Browns Park native writes a book about her life on the range



Courtesy photo

Diana Allen Kouris


Courtesy photo

"Riding the Edge of an Era: Growing up Cowboy on the Outlaw Trail," by Diana Allen Kouris

If you go

What: Diana Allen Kouris' presentation and reading of her book, "Riding the Edge of an Era: Growing up Cowboy on the Outlaw Trail," about her life as a child in Browns Park

When: 4 to 6 p.m. today

Where: Museum of Northwest Colorado, 590 Yampa Ave.

• Copies of the book are for sale at the museum. The cost is $35 for hardbacks and $17.95 for the softbound edition.

— It seems modernity has crept into all parts of the world, blanketing all that once was, Diana Allen Kouris said.

She claims to know firsthand. As a young girl, Kouris spent much of her formative years on her family's ranch in Browns Park, aptly named the Browns Park Livestock Ranch.

Now 59, Kouris looks back on that time as a "once was," a time that likely is gone for good.

"We didn't have electricity or telephones," she said. "It was really kind of a pioneer-type of lifestyle.

"Time flowed slowly there. We were able to drink deeply the flavor of the Old West. Ranching goes on, but the way that we ranched, that kind of lifestyle really has gone away."

However, Kouris hopes to at least keep its memory alive in her new book, "Riding the Edge of an Era: Growing up Cowboy on the Outlaw Trail."

She plans to give a presentation on her nonfiction novel and host a book signing from 4 to 6 p.m. today at the Museum of Northwest Colorado, 590 Yampa Ave.

"My dream for the book is people will feel like they lived that lifestyle and those adventures," Kouris said.

Before webs of phone lines, paved roads and satellite signals pulled the world closer together, Browns Park, a 90-minute drive from downtown Craig, was a remote place, wandered through by people who had a purpose for being there, or simply found themselves lost after a gross navigational miscalculation.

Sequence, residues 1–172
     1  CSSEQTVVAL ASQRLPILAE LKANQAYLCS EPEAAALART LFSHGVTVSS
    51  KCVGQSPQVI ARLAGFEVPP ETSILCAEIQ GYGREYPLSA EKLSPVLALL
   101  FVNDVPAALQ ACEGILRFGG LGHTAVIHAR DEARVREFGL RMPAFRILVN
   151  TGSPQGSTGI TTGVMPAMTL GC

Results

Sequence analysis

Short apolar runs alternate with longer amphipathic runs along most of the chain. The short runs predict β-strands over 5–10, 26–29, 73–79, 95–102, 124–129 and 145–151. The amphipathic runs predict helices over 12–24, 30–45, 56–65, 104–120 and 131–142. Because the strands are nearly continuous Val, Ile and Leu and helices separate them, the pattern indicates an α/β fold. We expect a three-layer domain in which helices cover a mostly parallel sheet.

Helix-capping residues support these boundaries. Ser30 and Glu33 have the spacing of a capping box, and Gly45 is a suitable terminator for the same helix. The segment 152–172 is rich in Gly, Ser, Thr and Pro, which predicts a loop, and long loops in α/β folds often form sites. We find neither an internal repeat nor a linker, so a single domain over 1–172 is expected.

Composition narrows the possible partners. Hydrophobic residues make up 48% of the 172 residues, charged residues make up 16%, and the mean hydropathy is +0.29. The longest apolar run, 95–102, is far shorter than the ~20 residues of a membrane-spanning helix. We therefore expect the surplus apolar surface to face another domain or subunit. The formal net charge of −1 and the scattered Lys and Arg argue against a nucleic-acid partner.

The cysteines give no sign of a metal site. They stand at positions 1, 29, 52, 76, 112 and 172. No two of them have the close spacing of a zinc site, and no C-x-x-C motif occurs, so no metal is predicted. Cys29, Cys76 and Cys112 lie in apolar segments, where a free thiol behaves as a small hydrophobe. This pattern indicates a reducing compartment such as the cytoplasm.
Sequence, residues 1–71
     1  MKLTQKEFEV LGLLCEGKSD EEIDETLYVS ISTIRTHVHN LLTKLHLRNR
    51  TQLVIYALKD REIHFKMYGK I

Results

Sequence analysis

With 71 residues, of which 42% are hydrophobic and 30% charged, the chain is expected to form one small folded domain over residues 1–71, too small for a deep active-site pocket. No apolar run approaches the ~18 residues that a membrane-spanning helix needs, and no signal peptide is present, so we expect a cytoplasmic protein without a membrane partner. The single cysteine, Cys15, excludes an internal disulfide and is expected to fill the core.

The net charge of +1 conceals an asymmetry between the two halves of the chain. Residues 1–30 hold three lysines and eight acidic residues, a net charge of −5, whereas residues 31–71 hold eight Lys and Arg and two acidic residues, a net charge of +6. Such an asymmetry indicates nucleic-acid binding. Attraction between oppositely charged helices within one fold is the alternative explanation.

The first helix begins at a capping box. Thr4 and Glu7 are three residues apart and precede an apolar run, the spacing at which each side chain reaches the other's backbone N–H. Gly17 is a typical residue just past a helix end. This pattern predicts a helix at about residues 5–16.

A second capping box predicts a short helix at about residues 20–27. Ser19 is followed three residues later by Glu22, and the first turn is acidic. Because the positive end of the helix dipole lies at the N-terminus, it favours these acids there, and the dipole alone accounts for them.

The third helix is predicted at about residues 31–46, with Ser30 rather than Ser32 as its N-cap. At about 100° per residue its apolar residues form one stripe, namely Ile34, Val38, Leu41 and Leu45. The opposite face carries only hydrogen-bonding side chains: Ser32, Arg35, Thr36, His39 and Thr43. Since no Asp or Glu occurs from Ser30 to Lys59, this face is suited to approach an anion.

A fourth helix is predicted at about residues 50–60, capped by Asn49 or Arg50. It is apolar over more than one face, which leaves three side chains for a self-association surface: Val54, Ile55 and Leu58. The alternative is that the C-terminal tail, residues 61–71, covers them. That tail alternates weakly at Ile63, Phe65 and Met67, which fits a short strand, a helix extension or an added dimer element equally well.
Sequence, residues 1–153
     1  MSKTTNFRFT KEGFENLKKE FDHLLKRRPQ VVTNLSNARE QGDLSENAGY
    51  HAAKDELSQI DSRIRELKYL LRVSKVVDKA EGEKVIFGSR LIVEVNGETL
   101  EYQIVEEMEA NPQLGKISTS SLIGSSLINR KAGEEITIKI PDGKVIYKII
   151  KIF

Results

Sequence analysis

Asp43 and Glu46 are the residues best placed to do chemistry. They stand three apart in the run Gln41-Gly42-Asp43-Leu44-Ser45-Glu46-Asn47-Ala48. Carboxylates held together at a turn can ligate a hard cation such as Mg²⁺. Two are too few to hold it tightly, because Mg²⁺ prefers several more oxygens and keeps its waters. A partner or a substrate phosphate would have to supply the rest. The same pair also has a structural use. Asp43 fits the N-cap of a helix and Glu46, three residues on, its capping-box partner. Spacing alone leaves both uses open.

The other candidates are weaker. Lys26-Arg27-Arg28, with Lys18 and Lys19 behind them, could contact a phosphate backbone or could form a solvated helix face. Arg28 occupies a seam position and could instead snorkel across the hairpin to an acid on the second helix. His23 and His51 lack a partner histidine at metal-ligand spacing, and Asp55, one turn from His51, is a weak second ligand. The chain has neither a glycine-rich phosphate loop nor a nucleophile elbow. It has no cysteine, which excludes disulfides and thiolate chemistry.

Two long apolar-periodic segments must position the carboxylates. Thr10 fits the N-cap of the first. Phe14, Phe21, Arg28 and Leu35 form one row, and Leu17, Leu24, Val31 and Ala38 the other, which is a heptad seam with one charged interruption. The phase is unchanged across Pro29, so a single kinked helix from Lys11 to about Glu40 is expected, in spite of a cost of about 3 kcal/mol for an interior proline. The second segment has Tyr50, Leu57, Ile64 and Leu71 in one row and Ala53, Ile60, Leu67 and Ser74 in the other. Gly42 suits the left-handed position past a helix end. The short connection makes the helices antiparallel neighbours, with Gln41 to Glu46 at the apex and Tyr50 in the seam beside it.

"It worked real well for the outlaws," Kouris said. "It was kind of out there, and it was in what we call the three corners area, on the borders of Colorado, Utah and Wyoming. If a Utah lawman was chasing you, you could easily hop over into Colorado and get away."

The locals liked it that way, she said.

Butch Cassidy worked on Kouris' family ranch as a young man and found sanctuary from the law after his rise to infamy as an outlaw.

Cassidy was not the only bandit to find his way to Moffat County.

Browns Park had the dubious honor of being located in the middle of the Outlaw Trail, a nebulous connection of trails and roads that wound from Mexico to Canada.

"There was very little law in Browns Park," Kouris said. "If something happened, the locals would just have to take care of it, which seemed to be fine with them."

Her family's ranch is gone now, along with the traditions it had passed down from generation to generation.

It wasn't bad business that did it in, Kouris said, but the federal government's need for progress.

When U.S. officials built Flaming Gorge Dam in the 1960s, the government purchased several thousand acres north of the dam's location to make room for the reservoir, land that included Browns Park Livestock Ranch.

Kouris said her family didn't want to sell, but after the government threatened to take the land under its right to eminent domain, they had little choice.

"It was really devastating," she said. "That whole part of our life was taken away."

Kouris' visit is the first of two book signings.

Colorado author Bill Reich plans to appear for a signing of his book, "Colorado Industries of the Past."

Reich also will conduct a presentation on Colorado flour mills.


Kat 7 years, 9 months ago

Way to go Diana! I still have your first book on Brown's Park, and I intend to have your new one also. Thank you so much for sharing your life with us.


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